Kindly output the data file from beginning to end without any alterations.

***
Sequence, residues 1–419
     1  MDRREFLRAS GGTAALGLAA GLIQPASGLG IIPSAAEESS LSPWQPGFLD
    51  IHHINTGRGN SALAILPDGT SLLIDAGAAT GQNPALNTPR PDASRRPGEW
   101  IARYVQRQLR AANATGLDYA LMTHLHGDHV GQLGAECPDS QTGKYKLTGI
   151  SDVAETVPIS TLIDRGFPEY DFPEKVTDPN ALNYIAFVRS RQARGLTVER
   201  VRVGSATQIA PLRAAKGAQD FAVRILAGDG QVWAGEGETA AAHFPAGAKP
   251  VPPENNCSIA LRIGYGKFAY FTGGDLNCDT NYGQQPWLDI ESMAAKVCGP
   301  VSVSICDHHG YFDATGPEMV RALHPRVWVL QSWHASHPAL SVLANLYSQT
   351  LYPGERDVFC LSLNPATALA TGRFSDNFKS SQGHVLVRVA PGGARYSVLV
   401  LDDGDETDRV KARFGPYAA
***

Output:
Sequence, residues 1–419
     1  MDRREFLRAS GGTAALGLAA GLIQPASGLG IIPSAAEESS LSPWQPGFLD
    51  IHHINTGRGN SALAILPDGT SLLIDAGAAT GQNPALNTPR PDASRRPGEW
   101  IARYVQRQLR AANATGLDYA LMTHLHGDHV GQLGAECPDS QTGKYKLTGI
   151  SDVAETVPIS TLIDRGFPEY DFPEKVTDPN ALNYIAFVRS RQARGLTVER
   201  VRVGSATQIA PLRAAKGAQD FAVRILAGDG QVWAGEGETA AAHFPAGAKP
   251  VPPENNCSIA LRIGYGKFAY FTGGDLNCDT NYGQQPWLDI ESMAAKVCGP
   301  VSVSICDHHG YFDATGPEMV RALHPRVWVL QSWHASHPAL SVLANLYSQT
   351  LYPGERDVFC LSLNPATALA TGRFSDNFKS SQGHVLVRVA PGGARYSVLV
   401  LDDGDETDRV KARFGPYAA